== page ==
Republicans Trying To Mend Fences With Hispanic Voters, But It May Be Too Late
Republicans are finally starting to realize that they are in trouble with Hispanic voters.
In addition to the problems with female voters that James Joyner makes note of this morning, the Republican Party also faces going into the 2012 General Election with a serious problem attracting Hispanic voters. As I noted last month, a recent Fox News Latino poll showed all four Republican candidates getting no more than 14% of the Hispanic vote in head-to-head match-ups with President Obama. That’s less than half of the roughly one-third that John McCain got in 2008, and far less than the percentage of the Hispanic vote that George W Bush garnered in 2004. It’s not like they haven’t been warned about this. After several years of hard anti-immigration rhetoric and policies that included blocking the DREAM Act (which is widely supported in the Hispanic community) and supporting restrictive laws in states like Arizona, Alabama, and Georgia, have created precisely the situation that Republicans like Jeb Bush and Marco Rubio have been warning about.
Now, it seems, Republicans are starting to realize they need to do something about the decline in Hispanic support, and it’s going to have to be more than just putting a Hispanic on the ticket:
Congressional Republicans and Mitt Romney’s presidential campaign are working to fashion proposals that could make up ground with Hispanic voters, concerned rhetoric on immigration from many in the party is turning away the increasingly powerful constituency.
Sen. Marco Rubio (R., Fla.) is developing a scaled-back version of the Dream Act, which would allow people brought to the U.S. as children to gain legal status, but not citizenship, if they enroll in college or the military. Several Senate Republicans have signed on to bipartisan legislation aimed at broadening access to the legal immigrant visa system.
The Romney campaign is looking for new proposals that would show he backs legal immigration, trying to pivot from a primary campaign in which he has taken a tough line on assistance to those here illegally.
It’s unclear whether any of these initiatives will bear fruit, but there is an increasing sense among some in the party of the need to try.
This effort is taking on new importance as an increasing number of Republicans signal it is time to end the primary fight and begin positioning the party for the general election. How close it is to wrapping up the primary contest may become more clear Tuesday night, when Mr. Romney looks for victory in the battleground state of Wisconsin, as well as in Maryland and the District of Columbia.
Immigration policy is just one part of winning over Hispanic voters, who made up about 9% of voters in the 2008 presidential race and are important to both parties. Many Republicans, including Sen. Lindsey Graham (R., S.C.), argue that if the party could get past the immigration issue, it would be the natural home for many more Latino voters, who are often socially conservative and value entrepreneurship.
It’s not an impossible dream for the GOP, actually. President Obama’s job approval among Hispanics has declined sharply from the heady days of the 2008 election. In part, this is because of Obama’s failure to deliver on promises of immigration reform, or to even make it a serious part of his first term agenda at any time. In part, it’s also the fact that deportations are actually on a faster pace under Obama than they were under his predecessor. That’s not sending Hispanics in to the arms of the GOP, though, mostly because of the aforementioned problems with the GOP immigration agenda, but also because the Republican candidates for President have done nothing to court Hispanic voters, instead choosing to court support from the people who backed those controversial immigration bills that are in part the source of their problems with Hispanic voters. So the situation that we see in the polling is that Hispanic voters are backing Obama not so much because they support him, but because they find him far better on the issues that they care about than the Republicans.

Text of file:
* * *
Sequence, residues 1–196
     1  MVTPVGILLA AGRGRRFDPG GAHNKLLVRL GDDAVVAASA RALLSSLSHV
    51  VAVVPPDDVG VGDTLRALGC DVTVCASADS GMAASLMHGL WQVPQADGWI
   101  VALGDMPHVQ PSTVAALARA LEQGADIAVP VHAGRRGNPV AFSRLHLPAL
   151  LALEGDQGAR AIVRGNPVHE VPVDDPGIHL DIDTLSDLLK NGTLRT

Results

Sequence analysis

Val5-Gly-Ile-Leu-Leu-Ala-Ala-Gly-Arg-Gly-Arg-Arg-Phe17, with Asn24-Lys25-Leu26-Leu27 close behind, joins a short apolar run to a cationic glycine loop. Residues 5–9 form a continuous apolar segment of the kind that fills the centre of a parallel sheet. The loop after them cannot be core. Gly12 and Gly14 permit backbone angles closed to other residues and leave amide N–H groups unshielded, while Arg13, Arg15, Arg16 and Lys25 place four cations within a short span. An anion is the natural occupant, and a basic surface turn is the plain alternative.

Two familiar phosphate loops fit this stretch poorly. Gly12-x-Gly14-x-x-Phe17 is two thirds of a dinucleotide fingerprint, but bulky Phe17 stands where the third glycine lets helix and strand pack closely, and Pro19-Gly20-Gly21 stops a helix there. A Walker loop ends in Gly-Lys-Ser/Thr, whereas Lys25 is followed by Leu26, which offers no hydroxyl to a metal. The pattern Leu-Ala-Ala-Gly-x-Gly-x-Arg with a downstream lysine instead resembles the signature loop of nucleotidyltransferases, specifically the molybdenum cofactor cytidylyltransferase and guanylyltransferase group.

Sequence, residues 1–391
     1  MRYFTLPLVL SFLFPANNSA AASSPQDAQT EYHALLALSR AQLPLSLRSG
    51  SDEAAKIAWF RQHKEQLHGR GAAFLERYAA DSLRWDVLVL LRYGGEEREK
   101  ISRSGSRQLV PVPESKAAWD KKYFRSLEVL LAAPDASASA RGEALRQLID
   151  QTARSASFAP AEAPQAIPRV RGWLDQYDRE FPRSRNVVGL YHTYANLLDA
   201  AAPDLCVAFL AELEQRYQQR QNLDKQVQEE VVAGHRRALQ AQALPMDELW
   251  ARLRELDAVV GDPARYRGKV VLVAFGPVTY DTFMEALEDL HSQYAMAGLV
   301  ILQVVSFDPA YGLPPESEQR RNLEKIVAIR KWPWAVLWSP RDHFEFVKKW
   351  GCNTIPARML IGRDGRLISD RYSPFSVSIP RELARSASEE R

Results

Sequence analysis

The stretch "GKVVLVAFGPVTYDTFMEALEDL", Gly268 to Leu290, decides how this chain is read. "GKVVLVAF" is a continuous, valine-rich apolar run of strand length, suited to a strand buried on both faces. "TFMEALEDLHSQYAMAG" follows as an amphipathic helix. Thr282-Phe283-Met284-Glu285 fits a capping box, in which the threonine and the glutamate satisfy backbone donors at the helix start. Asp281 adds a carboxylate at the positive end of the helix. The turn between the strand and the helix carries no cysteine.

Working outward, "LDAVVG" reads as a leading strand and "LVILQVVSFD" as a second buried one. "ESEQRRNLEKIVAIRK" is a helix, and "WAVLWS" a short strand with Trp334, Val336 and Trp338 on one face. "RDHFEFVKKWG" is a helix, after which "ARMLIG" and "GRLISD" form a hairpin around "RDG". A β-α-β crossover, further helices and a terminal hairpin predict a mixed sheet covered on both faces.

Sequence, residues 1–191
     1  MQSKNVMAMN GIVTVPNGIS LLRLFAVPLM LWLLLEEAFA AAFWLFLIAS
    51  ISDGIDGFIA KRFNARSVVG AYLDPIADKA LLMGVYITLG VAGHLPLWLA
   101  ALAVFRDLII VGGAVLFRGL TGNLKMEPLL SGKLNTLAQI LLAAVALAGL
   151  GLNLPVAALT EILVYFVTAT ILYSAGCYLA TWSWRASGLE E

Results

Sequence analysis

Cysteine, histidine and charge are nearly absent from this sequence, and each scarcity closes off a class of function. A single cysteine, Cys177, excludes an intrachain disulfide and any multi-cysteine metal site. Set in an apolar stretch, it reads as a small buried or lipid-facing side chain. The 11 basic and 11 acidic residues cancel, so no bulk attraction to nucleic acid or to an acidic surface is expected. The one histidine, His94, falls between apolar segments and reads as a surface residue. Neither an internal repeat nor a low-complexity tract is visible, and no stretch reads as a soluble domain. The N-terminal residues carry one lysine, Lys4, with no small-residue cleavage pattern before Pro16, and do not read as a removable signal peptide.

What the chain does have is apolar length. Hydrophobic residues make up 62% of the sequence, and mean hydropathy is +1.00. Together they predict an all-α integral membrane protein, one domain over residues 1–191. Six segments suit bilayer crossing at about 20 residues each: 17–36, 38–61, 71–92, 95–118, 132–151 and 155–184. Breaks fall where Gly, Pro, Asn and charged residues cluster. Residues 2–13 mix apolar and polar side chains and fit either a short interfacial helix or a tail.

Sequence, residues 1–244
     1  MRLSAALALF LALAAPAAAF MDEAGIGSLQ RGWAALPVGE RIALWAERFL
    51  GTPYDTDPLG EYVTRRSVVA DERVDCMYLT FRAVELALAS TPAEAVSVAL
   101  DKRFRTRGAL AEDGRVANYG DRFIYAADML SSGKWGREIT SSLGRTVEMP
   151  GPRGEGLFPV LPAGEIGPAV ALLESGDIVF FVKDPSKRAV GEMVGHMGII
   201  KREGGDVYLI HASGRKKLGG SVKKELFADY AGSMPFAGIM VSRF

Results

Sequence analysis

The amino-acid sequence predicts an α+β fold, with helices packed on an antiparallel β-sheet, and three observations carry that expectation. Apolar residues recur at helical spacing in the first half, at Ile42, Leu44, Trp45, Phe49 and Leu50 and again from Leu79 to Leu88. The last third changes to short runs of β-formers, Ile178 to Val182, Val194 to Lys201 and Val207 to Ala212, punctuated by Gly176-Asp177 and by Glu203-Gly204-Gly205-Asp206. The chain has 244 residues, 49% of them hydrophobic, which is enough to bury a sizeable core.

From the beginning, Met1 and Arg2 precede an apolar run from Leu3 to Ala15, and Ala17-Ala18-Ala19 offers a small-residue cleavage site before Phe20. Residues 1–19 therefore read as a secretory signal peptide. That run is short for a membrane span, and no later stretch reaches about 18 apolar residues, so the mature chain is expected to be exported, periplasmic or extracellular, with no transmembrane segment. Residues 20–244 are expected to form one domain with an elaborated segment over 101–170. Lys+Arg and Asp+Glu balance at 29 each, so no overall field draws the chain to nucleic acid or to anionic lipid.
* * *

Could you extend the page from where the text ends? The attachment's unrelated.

The past year of campaigning by the Republican candidates for President can’t have done anything to console Hispanics concerned about the GOP. For the most part, all of the candidates have competed with each other to see which one could be more anti-immigration (or as they continually insist, anti illegal immigration), which one could make the most bizarre proposal about how to secure the border, and which one could be the most dismissive of the complications surrounding any consideration of illegal immigration that goes beyond “Deport Them All!.” The one candidate who was perhaps the most moderate on the issue of immigration, Texas Governor Rick Perry, ended up getting savaged by his opponents. It’s going to be next to impossible for the GOP to erase those memories, or the legacy of the Arizona-style immigration laws, from the minds of voters.
So, the GOP heads into the 2012 election with problems with 50% of the voting population and the nation’s fastest growing minority group, and it’s largely because of the policies they’ve endorsed and the rhetoric they’ve used on the campaign trail. Perhaps calling them the Stupid Party is a good monicker after all.